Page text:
Patrick’s fiscal 2014 budget allocates $152 million to make public colleges and universities more affordable. It would move the state closer to returning to a 50-50 split between the state’s contribution to public universities and tuition and fees paid by students and families. The budget proposal also boosts funding for the MassGrant scholarship program.
Critics of the budget contend that it includes provisions that will hurt students and parents trying to pay for school. A tuition tax deduction, the personal exemption for students aged 19 and older, and the employer-provided education assistance are among the deductions the governor wants to eliminate.
Rep. Angelo D’Emilia (R-Bridgewater) a House Ways and Means Committee member, criticized the frequent use of the word investment by administration officials when discussing revenues from new taxes.
“I am finding that here in Massachusetts the definition of this word really means higher taxes. The Governor’s proposal for $1.9 billion in new taxes is outrageous when we continue to hear about waste, fraud, and abuse occurring within certain state agencies,” D’Emilia wrote Tuesday on the House Republicans’ blog. “The Department of Transitional Assistance, and the state’s Electronic Benefits Transfer and Supplemental Nutrition Assistance Program are all prime examples. Perhaps if we started by addressing these issues we could begin to discuss solutions for our fiscal needs.”
When speaking to students, Patrick compared his plan to investments made by the World War II generation, which fought a war, rebuilt Europe and Japan, and then strengthened the United States by building superhighways, he said. The baby boomer generation has lived off the work and investments of the older generation, Patrick said.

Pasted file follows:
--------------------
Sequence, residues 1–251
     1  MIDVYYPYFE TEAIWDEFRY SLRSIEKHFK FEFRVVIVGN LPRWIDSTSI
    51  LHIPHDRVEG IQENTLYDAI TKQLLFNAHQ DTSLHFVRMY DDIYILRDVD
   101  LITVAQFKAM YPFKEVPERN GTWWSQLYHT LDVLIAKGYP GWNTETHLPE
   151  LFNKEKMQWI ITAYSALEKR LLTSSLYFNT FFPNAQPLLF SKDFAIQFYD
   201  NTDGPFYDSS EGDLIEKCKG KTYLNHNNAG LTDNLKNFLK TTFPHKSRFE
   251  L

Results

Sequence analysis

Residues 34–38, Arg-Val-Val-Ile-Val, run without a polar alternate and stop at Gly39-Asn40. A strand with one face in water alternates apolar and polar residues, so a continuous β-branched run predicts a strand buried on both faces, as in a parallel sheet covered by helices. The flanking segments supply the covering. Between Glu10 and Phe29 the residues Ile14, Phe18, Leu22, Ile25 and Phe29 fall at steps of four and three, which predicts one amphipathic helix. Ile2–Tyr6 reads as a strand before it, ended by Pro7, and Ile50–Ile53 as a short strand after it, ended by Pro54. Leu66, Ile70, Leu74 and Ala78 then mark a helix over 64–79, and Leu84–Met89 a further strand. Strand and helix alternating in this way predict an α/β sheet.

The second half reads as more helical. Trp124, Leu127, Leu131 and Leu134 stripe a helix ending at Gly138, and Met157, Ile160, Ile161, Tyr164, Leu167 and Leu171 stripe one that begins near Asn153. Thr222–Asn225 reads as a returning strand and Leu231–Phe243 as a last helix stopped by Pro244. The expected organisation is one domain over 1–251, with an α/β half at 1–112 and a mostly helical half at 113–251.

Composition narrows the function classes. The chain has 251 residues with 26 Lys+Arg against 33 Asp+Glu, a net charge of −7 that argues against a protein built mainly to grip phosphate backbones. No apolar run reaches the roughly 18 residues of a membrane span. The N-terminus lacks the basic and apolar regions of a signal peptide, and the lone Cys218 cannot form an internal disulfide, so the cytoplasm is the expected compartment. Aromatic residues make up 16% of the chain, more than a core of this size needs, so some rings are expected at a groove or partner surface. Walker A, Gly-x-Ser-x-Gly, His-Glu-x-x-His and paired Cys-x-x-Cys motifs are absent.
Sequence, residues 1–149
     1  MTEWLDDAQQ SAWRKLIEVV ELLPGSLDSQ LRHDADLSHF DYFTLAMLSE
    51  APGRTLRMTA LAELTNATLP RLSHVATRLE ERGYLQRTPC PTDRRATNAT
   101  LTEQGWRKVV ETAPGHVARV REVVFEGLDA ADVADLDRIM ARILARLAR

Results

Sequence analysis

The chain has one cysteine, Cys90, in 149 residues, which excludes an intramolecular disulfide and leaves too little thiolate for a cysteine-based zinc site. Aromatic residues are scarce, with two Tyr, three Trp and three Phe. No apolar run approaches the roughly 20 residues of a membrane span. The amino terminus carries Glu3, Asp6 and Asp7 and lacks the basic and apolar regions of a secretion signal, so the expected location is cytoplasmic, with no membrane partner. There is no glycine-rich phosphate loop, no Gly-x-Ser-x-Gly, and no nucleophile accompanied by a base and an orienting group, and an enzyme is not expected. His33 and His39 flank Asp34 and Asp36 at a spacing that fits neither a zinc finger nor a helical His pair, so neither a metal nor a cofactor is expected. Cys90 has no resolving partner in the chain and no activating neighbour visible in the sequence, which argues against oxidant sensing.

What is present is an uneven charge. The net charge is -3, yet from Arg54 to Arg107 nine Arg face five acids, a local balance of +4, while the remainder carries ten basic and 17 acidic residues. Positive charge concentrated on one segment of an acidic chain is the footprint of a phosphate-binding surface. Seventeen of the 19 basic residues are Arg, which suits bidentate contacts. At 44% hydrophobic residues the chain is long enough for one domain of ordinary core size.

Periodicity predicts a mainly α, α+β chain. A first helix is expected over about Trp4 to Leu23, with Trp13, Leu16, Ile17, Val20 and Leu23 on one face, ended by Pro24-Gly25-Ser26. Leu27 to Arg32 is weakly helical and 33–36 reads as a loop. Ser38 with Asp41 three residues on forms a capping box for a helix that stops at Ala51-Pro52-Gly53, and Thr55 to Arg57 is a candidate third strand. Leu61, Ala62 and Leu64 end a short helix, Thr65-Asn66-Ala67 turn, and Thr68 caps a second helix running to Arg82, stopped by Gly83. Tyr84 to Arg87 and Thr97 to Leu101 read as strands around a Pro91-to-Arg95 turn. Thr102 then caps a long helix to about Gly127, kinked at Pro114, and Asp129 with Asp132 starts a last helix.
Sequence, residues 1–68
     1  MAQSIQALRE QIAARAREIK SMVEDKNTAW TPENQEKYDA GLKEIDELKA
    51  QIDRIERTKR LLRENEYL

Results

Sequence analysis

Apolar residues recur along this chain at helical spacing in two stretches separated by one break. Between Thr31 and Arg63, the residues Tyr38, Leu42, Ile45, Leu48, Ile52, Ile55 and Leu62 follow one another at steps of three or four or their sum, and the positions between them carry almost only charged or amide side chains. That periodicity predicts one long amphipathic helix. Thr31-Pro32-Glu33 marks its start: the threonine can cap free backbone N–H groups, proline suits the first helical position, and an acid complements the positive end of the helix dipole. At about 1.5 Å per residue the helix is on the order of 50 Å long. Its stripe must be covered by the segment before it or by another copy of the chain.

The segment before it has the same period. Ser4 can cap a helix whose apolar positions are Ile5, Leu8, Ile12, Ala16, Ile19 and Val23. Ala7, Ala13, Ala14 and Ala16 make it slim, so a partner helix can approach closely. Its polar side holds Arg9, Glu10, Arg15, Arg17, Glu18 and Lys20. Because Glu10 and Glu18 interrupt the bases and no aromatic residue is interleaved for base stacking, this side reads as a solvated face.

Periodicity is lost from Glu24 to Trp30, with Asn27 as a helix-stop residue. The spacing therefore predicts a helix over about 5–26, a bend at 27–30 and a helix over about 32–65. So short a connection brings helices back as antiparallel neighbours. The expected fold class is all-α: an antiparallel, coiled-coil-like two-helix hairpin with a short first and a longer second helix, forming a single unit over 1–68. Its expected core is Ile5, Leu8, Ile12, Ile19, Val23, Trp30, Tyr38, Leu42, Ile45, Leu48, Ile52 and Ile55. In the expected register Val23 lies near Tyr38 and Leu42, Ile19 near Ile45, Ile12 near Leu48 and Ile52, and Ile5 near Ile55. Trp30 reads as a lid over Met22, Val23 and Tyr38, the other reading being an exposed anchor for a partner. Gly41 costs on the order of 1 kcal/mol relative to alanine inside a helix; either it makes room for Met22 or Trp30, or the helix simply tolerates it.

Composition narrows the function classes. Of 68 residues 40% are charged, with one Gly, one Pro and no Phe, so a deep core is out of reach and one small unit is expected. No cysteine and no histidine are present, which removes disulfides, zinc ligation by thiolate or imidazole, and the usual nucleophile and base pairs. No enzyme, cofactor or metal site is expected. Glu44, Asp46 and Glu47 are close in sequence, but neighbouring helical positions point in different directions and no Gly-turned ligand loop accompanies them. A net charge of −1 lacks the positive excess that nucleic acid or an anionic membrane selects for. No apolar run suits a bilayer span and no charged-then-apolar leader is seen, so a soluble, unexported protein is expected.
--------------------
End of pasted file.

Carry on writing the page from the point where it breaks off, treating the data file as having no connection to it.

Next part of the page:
“We have to step up right now, in that same spirit. For a long, long, long time, we have been in a way self-defeating about how to build a better, stronger commonwealth,” he said.
He told the students to “engage with members of the Legislature who are nervous and uncomfortable about the so-called tax vote. Remind them that taxes are the price of civilization.”
“There are going to be people who are deeply concerned that this vote may jeopardize their reelection. That is a political reality for a lot of good people in this building. Don’t belittle that,” Patrick added.
Willis Chen, a 20-year old UMass Amherst sophomore, said he hopes to convince lawmakers to support the funding boost so students are not forced to pay more next year. Chen, who receives a $10,000 scholarship, said his parents would be able to absorb increases, but it would be a struggle for many of his friends. “I know a few friends who have problems paying for school, one who barely gets by,” he said.
Randall Phillis, president of the Massachusetts Society of Professors, the faculty union at UMass Amherst, said the shift from state support to a heavier reliance on tuition and fees has created a significant burden on students and families, and is “putting a significant challenge on the strength of the university.”
The university admits more students to keep costs down, which creates larger classes, fewer class options, and diminished laboratory experiences, according to Phillis.
“With the restoration of funding, with the correction of the tax code and allocation to public education, it would be possible to provide students with real life opportunities and small group experiences to facilitate better student learning,” Phillis said.
Patrick’s call for new tax revenues in the state’s early education system appear on the verge of getting a boost. According to the Massachusetts Association for Early Education & Care, 85 House members are calling for a major early education investment in the upcoming House budget bill. Reps. Linda Forry (D-Dorchester) and Rep. John Binienda (D-Worcester) plan to join activists Wednesday afternoon at the State House for an event where education providers will thank them for their support.